Phillip Pomroy’s ‘Death of Thunderbolt’ Painting Series

Phillip Pomroy’s ‘Death of Thunderbolt’ Painting Series

The series of nine paintings capture the alleged events of Fred Ward’s last day. The Museum is building this area of the web site and a virtual tour of this unique collection is scheduled for development. Postcards and prints of these works are available by contacting Museum staff. A ‘Dramatic Interpretation’ of the series is available on DVD from The Museum or through our online shop.

Painting One

Painting One

It is the afternoon of Wednesday 25th May 1870.

Blanche’s Inn was situated at Church Gully, a few hundred metres south of Thunderbolt’s Rock on the Northern Road.

In the background, Thunderbolt, who had spent the previous day enjoying the Uralla Races, can be seen engaged in his favourite activity, Highway Robbery!! (His other pre-occupation was horse-stealing). The victims of the robbery are none other than Mr and Mrs John Blanche, innkeepers of “The Royal Oak”, who were out for an “afternoon drive”, and therefore carrying little money.

Thunderbolt accompanied them back to the Inn and enjoyed a few drinks with them, then continued “bailing-up” travellers on the main road.

Painting Two

Painting Two - detail

The shadows have moved and so has Thunderbolt.

An Italian hawker, Giovanni Capacotti, is about to hand over his pocket watch, money and some jewellery to the bushranger. Although the Rocky River Goldfields, near Uralla, had attracted thousands of Chinese and a lesser number of immigrants from England, Ireland, Scotland and Wales, the arrival of an Italian would have been something of a novelty.

Note….. The spelling “Blanch” (Newspapers of the time used either spelling).

……. everybody is so involved in the robbery of Capacotti that somebody has forgotten to put another log on the fire!

Painting Three

A general view, showing the “highway” heading south from Thunderbolt’s Rock.

Capacotti’s wagon can be seen in the distance. Did Thunderbolt say…… “Go back to where you came from!”?

We can almost hear the Italian’s curses and protestation in the chill New England air!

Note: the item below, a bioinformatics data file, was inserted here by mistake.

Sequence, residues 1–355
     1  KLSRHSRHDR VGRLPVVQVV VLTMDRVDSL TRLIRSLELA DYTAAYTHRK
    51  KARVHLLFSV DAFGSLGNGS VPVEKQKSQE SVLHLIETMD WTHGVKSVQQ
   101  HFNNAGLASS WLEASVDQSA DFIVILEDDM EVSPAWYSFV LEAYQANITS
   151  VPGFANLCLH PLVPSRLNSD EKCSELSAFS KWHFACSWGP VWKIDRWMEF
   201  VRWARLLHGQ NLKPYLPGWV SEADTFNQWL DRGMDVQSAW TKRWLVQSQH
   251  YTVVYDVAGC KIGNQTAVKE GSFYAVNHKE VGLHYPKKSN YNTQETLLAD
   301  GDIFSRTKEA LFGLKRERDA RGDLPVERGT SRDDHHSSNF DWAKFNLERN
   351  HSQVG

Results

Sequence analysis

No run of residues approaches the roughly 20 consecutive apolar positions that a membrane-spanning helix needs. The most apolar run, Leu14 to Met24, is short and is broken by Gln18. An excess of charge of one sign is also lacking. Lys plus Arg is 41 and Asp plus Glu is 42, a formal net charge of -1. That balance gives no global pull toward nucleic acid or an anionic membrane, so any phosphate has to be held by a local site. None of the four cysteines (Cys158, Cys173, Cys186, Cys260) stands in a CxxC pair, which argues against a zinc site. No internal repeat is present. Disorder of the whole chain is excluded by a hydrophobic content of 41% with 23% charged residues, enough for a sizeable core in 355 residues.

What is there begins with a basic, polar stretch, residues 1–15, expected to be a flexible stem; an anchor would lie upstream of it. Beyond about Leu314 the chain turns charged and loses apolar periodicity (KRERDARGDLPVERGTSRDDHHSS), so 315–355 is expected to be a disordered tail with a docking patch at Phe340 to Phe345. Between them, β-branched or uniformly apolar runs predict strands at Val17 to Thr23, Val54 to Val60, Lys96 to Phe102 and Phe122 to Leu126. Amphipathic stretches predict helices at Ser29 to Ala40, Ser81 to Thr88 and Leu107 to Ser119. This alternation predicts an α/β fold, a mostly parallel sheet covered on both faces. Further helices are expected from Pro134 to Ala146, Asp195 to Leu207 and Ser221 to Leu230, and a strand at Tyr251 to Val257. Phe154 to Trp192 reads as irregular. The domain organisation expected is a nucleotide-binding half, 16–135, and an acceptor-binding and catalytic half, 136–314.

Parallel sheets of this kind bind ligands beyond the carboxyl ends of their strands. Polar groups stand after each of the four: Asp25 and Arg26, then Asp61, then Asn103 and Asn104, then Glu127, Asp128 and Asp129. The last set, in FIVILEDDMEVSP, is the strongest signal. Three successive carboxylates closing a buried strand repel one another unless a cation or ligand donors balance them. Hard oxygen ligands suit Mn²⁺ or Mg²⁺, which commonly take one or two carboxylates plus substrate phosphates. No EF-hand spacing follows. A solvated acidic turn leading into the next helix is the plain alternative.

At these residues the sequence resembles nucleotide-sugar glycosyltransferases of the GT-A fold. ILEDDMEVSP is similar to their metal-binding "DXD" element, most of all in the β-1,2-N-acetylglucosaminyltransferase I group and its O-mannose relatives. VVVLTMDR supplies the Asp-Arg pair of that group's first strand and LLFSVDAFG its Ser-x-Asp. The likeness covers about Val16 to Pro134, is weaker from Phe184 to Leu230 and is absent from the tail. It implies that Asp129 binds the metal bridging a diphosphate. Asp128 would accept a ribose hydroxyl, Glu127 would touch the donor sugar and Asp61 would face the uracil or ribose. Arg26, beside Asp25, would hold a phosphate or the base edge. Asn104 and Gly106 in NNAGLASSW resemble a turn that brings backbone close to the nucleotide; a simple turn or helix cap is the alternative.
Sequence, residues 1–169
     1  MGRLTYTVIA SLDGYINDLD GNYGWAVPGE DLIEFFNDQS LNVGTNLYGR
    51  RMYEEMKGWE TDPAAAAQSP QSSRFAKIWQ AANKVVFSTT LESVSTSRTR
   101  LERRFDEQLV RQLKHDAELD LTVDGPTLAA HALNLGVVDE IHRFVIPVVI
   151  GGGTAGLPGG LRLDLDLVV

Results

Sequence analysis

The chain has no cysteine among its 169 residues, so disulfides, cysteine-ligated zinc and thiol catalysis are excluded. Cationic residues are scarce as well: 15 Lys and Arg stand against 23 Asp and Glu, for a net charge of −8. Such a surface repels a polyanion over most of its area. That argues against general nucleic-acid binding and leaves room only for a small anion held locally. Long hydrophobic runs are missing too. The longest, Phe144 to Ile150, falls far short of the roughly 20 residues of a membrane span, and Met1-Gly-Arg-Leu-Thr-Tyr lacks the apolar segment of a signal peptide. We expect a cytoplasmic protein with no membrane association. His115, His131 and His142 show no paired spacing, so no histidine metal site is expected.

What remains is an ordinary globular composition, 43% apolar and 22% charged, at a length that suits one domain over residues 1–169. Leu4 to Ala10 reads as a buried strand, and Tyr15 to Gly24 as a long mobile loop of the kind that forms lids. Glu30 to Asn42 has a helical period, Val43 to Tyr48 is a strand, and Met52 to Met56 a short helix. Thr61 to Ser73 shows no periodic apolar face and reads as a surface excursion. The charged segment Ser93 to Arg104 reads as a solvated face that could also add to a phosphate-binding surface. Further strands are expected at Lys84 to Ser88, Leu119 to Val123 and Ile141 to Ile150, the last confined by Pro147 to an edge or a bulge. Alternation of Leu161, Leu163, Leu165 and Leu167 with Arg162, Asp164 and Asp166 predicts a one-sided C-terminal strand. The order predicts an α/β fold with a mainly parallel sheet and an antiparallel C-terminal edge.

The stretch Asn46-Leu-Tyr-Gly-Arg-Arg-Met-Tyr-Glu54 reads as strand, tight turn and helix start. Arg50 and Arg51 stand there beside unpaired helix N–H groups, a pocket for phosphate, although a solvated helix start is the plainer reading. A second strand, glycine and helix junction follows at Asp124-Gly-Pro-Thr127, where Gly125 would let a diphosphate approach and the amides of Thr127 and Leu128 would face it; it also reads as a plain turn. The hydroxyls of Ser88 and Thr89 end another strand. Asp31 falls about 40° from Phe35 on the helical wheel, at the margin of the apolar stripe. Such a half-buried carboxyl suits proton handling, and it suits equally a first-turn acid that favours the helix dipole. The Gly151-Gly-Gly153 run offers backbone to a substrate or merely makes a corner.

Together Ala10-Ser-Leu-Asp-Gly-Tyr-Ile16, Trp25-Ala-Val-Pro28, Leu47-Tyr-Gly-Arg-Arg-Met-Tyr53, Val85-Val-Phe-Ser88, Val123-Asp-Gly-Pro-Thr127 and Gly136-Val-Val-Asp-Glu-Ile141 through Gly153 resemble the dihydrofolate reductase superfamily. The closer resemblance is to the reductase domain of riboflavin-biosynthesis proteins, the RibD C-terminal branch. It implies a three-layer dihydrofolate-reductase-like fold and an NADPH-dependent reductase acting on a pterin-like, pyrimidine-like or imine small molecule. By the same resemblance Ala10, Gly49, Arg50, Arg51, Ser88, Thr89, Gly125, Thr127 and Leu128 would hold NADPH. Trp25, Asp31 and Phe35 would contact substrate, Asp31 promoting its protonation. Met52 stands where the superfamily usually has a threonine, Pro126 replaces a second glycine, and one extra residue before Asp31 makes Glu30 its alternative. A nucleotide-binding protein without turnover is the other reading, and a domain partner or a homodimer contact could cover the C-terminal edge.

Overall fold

The countryside was more heavily timbered with Stringybark forest than it is now and was mostly unfenced.

Painting Four

There are now two significant developments. Capacotti has met a Mr Dorrington (a local settler) on the road, and borrowed a saddle. He has saddled up his own cart-horse and galloped through the bush, giving Blanch’s Inn and Thunderbolt a wide berth! Capacotti is heading “hell for leather” to Uralla to inform the police.

Meanwhile, Thunderbolt has “borrowed” a grey horse from a new arrival at Blanch’s Inn…… to “try it out”. A young man, James Coglan, was returning home from Singleton, riding a grey horse and leading another.

Capacotti arrived in Uralla and poured out his story to Senior Constable Mulhall. (Mulhall had been involved in an exchange of shots with Thunderbolt at Thunderbolt’s Rock in 1863 and Thunderbolt still bore the nasty scar of the bullet wound behind his left knee from that episode).

Mulhall set out for Blanch’s Inn. Constable Alexander Binning Walker, who was off-duty, saddled his horse, got his revolver and ammunition and followed. (In his report Walker says that the two went out together and that Mulhall, having the faster horse,  raced ahead of him. This seems unlikely. Perhaps Walker was protecting Mulhall’s reputation!).

When Walker came over the hill near the rock, Mulhall, coming back in the opposite direction, met him and said “I have exchanged shots with the bushrangers”. Mulhall claimed later that his horse had bolted. Most other people believe he lacked the courage to confront Thunderbolt.

Young Constable Walker certainly didn’t lack courage. He rode on towards Blanch’s Inn and shots were exchanged.

Thunderbot, on the grey horse he’d been “trying out”, headed west into the bush. The twenty-three year old constable followed gamely, even when Thunderbolt taunted him with “Come on!”.

“All right! ” Walker replied.

Painting Five

Pomroy has cleverly changed the direction of the paintings. West is now on the viewer’s left.

More shots had been fired and Thunderbolt seems far less secure.

Even though Pomroy has positioned Constable Walker down in a gully he seems to be a dominating resolute figure.

Is Pomroy’s clever change of direction, (a figure retreating from right to left in our vision) a subtle hint that the “game is up” for Thunderbolt?

Painting Six

Thunderbolt abandons the weary horse, sheds his coat and hat and wades across Kentucky Creek. The constable shoots the outlaw’s horse to hinder the possibility of his escape.

The grey horse has the same saddlecloth as Thunderbolt’s horse in Painting Two, so we can assume the bushranger intended to steal the horse and not just “try it out”.

The style of painting undergoes a subtle change. Thunderbolt looks more like a caricature and the blue of the water has a sinister quality.